The museum’s formal learning activities are quite resource heavy. Visiting school groups can make replica gas mask boxes, evacuee labels, mini helicopter rotors, rockets or parachutes. All of these workshop resources need to be prepared in advance, and in large numbers. With up to 240 children visiting per day we get through them very quickly! Katie and I had identified resource preparation as a task that would suit her students and be very helpful to the museum.

During her time with our team Katie shadowed staff, took photographs of the resources students would be working with, and of the office environment itself. We provided her with the museum’s health and safety and risk assessment information as well as our guide for visitors with autism.  This enabled her to put together an information pack which ensures that Ambitious College staff and students can be fully briefed before they come into the museum.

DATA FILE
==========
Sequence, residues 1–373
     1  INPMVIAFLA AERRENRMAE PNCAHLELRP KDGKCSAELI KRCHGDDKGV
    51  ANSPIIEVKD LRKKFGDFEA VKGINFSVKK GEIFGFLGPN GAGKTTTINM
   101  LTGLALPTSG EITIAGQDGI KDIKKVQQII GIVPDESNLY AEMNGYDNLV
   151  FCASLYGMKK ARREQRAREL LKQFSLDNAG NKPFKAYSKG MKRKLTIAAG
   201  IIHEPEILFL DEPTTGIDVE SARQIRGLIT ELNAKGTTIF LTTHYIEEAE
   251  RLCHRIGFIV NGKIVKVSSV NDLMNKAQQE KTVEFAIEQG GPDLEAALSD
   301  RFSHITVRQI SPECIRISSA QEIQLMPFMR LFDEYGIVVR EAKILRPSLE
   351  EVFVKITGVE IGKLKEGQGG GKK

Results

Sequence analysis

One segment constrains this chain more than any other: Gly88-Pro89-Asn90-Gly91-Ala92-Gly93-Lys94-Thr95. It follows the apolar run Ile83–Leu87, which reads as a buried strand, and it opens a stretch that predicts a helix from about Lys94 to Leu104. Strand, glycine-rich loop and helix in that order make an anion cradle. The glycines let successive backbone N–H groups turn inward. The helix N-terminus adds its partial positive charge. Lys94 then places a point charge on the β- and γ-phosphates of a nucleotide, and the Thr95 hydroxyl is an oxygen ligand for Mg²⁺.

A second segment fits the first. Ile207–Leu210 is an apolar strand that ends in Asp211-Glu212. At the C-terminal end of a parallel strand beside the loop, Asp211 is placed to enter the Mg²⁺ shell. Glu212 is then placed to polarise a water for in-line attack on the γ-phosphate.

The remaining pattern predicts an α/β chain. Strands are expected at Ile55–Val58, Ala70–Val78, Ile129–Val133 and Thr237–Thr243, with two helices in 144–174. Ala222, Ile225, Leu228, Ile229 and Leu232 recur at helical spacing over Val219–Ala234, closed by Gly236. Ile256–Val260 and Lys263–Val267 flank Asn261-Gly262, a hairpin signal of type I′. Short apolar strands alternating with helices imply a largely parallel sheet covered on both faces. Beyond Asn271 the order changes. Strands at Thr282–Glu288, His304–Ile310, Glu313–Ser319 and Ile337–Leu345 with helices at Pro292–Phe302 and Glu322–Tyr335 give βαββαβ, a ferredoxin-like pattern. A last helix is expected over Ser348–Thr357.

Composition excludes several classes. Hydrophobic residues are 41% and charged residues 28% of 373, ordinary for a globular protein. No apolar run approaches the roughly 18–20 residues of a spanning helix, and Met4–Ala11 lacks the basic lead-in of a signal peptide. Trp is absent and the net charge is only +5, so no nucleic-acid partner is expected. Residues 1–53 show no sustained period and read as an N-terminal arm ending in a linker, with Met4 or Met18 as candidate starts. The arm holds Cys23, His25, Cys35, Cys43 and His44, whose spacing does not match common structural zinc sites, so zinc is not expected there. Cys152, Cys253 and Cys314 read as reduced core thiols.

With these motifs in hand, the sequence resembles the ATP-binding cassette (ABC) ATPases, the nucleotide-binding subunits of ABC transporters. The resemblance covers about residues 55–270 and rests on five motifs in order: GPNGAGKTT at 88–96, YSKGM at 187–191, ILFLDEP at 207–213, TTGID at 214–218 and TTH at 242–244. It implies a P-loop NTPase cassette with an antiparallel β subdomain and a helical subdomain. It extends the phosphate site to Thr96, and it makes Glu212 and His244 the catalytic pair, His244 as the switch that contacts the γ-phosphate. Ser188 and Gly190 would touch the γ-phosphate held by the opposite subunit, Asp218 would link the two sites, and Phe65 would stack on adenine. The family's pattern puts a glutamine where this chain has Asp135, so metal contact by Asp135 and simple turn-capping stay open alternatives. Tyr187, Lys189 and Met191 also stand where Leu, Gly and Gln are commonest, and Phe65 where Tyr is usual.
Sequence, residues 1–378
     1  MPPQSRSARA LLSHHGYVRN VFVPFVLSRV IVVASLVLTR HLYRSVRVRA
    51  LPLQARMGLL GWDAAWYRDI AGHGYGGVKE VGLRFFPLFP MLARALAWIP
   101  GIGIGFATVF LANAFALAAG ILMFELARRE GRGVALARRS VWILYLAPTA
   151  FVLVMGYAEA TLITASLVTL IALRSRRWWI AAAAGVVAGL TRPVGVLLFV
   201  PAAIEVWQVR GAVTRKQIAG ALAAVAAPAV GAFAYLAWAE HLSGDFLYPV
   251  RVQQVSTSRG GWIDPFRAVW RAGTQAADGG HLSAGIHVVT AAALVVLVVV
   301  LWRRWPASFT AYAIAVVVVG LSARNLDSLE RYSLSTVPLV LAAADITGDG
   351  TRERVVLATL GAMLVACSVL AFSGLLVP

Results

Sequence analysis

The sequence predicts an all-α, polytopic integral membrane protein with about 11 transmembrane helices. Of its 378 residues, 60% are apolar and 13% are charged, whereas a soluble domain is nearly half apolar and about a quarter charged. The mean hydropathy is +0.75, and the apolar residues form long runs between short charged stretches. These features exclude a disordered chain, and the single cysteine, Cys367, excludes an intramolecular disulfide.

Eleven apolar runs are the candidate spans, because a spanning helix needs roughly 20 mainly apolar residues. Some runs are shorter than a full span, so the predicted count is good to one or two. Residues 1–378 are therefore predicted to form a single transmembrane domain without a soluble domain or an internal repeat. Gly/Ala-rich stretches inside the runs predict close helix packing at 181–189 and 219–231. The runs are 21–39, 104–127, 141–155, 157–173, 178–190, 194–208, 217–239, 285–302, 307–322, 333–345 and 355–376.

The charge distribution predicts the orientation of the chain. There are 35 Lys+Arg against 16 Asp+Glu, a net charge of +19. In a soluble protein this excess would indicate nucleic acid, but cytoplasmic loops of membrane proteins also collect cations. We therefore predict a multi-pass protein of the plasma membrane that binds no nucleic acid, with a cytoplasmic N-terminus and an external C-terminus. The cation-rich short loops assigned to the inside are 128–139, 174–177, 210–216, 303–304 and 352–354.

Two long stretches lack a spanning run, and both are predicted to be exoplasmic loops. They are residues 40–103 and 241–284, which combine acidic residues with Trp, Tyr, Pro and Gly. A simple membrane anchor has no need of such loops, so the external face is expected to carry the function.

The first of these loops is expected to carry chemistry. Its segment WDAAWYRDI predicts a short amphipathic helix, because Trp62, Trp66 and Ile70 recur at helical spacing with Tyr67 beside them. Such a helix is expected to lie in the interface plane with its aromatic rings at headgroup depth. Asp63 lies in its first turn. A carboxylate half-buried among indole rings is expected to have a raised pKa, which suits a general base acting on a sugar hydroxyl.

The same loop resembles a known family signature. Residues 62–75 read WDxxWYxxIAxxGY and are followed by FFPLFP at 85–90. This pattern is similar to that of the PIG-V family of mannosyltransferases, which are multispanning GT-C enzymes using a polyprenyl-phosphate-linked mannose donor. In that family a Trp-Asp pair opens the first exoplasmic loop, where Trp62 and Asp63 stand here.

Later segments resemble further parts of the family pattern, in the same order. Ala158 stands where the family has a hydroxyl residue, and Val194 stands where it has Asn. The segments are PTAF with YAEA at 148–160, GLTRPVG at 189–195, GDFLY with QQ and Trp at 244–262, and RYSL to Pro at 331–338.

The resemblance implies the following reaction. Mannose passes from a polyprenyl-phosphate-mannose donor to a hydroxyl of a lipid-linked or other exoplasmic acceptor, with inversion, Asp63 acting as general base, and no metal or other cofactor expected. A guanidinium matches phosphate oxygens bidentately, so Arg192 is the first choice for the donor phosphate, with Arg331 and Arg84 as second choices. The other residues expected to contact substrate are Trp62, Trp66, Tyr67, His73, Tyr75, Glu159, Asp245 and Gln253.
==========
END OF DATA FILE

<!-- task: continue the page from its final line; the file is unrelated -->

The museum agreed that we would take on one student for one afternoon per week on a rolling basis.

During the placement

Before each placement Katie sends me a profile of the student detailing their specific needs, likes and dislikes, and how they communicate. During their placement students are accompanied by at least two specialist college support staff who know the student well and coach and support them at all times. Students have their own desk in our open plan office. I provide a series of tasks for them to complete, and the support staff work directly with the student to encourage and assist them with their work. At the end of their placement students get a certificate of achievement together with a record of the tasks they have completed.

We took on our first Ambitious College student, Mary, between February and April 2015, and our second, Conor, from May to July. So far the partnership seems to be working really well. Both Mary and Conor coped brilliantly with the Museum environment. They took to the work we gave them very quickly and did a fantastic job.

Feedback from the College has been very positive. The students benefit from gaining experience of a new environment and meeting new people. As well as building confidence, they are also developing new skills and an understanding of the workplace.